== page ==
Applicants must have less than £350billion in UK assets. Santander just about qualifies to go after the cash, despite being a huge high street banking giant which already has 10 per cent of the small business market.
One challenger bank boss told This is Money that it seemed these goalposts were set to allow the Spanish bank to qualify. Santander had previously failed to buy Williams & Glyn.
Others after the money include Clydesdale and Yorkshire, Metro Bank, Starling Bank and TSB.
Just over half the tranche of cash will be in the form of 15 small grants which challengers will be given, the rest is what banks can bid for, with only three being able to get a slice of the £325million pie.
Santander: The banking giant qualifies to apply for the tranche of cash available to stimulate SME current account competition
Nationwide Building Society has put its hat in the ring for cash – but not the main tranche.
Joe Garner, chief executive of Britain’s biggest mutual, said it would be the first time in its 172 year history it would offer small business current accounts, if the big is successful.
It already offers business savings accounts and has considered expanding into the sector previously, but deemed the costs of entry too expensive.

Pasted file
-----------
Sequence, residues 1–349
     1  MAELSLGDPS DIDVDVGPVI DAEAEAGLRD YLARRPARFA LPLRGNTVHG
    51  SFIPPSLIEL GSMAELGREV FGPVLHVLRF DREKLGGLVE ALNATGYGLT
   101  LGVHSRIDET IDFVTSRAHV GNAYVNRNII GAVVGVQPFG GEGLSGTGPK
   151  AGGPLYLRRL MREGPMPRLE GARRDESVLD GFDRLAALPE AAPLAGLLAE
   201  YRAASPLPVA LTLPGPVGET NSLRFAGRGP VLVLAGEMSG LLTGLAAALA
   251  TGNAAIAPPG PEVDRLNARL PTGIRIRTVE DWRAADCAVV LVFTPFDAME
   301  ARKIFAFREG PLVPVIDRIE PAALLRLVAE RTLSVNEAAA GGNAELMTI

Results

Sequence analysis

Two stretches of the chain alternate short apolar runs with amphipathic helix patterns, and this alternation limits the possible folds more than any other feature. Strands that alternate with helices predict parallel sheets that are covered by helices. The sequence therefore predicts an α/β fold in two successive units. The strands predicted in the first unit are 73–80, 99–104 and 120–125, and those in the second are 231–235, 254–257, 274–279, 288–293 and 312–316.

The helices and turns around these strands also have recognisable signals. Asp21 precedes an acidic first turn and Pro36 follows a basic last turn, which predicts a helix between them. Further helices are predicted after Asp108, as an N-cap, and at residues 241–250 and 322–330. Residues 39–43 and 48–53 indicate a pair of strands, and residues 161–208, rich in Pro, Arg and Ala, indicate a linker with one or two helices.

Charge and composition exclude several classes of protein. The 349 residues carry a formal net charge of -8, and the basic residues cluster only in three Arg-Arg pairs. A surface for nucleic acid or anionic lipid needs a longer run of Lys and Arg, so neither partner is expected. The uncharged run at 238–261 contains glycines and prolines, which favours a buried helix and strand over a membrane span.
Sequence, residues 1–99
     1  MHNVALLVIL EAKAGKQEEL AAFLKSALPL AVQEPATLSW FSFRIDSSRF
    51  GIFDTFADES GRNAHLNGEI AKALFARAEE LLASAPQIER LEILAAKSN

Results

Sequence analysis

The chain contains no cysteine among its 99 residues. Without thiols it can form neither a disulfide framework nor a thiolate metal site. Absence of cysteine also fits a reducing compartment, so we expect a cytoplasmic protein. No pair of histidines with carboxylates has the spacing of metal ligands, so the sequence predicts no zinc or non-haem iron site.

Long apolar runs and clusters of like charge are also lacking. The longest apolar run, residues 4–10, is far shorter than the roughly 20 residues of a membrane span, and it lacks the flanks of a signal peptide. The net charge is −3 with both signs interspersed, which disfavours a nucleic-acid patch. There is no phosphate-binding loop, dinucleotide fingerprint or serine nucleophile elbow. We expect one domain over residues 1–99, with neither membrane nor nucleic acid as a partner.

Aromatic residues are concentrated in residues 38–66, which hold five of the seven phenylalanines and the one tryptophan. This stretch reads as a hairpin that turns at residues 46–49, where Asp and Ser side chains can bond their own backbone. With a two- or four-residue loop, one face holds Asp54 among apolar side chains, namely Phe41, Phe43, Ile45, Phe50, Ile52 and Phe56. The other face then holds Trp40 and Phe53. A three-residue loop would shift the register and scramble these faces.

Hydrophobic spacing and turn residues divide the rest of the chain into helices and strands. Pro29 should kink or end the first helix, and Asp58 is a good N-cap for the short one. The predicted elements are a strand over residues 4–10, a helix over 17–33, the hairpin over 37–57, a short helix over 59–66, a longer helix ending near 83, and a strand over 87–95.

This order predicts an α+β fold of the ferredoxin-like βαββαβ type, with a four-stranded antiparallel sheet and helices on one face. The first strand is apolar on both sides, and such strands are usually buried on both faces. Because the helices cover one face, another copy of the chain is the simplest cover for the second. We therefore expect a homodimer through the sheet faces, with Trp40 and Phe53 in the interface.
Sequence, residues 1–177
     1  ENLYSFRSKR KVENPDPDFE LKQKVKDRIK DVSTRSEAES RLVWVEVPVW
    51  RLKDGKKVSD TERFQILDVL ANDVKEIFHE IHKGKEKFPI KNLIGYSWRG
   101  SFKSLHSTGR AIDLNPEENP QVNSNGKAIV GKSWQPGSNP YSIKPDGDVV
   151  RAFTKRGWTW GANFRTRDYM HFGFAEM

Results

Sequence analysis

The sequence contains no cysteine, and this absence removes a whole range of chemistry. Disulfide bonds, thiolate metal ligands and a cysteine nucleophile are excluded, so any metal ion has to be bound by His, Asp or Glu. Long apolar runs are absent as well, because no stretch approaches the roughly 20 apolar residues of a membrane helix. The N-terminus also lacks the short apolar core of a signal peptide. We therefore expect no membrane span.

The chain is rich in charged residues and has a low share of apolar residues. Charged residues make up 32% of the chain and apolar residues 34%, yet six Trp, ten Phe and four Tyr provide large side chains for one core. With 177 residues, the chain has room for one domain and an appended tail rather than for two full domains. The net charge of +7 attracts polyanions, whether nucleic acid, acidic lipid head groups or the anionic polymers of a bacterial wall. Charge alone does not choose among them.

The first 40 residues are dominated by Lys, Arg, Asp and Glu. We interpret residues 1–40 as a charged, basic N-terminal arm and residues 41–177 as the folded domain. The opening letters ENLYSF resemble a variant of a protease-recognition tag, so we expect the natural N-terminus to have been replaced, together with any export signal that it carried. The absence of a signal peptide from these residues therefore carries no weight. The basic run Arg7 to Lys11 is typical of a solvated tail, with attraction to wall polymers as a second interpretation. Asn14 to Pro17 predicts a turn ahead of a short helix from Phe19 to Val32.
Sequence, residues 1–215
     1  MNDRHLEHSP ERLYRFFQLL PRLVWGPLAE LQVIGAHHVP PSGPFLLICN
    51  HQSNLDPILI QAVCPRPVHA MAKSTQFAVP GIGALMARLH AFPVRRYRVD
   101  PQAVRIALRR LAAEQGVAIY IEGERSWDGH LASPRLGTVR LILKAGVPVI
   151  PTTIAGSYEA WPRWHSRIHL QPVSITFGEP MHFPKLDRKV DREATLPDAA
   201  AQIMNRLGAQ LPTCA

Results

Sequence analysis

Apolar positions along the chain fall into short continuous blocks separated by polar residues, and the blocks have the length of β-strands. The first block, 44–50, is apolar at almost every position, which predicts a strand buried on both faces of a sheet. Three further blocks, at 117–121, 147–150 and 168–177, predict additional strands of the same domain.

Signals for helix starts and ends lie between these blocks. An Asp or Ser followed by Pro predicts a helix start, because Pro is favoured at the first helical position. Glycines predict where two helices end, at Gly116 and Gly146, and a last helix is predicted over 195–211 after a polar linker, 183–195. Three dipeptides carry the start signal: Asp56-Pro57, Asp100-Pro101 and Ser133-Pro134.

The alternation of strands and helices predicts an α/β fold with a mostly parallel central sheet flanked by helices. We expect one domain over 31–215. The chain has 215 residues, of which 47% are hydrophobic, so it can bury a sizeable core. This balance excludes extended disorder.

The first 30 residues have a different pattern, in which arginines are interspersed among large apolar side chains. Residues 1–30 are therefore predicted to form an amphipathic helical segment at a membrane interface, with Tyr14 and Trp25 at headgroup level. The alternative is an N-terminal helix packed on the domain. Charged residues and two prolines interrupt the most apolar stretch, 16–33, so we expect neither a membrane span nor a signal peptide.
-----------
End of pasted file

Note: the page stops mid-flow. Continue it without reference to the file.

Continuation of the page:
Mr Garner believes the second tier of cash available, which includes packages of up to £50million, would be enough for Nationwide to step into SME banking.
The idea is the cash will be used to incentivise 220,000 what would have been Williams & Glyn customers to leave RBS for new pastures.
Furthermore, challengers were left frustrated by the length of it time took the Government to finally get a committee together to award the cash.
The fund was given the green light in 2017, but the independent committee was only finally cobbled together last month.
‘Opportunity to transform business banking’
Craig Donaldson, chief executive at Metro Bank, told This is Money: ‘It is imperative that the funds from the RBS Alternative Remedies Package are used to help break up the monopoly of the big five banks, by those who truly wish to challenge the status quo and provide businesses with a superior level of service that’s long overdue.
‘This is a once in a generation opportunity to transform the business banking landscape and make a difference to SMEs up and down the country, who have for years been underserved, underinvested in and underwhelmed by their banking providers.’
Mr Donaldson’s labels them the ‘big five banks’ to include Santander with the other big banking names.
Paul Pester, the TSB boss, also consistently says the big five banks, clubbing Santander into the mix.
Challengers – which technically includes Santander – are likely to bid for the cash over the summer.
It may stimulate competition, but it also appears, given Mr Davies’ comments, that it has helped shrink the British branch network to boot, unless those awarded the cash use it in part to open branches – and many SME owners value having a branch nearby, rather than having to do all of their banking online.
Additionally, if Santander is awarding the big pot, expect there to be much grumbling among the smaller challengers.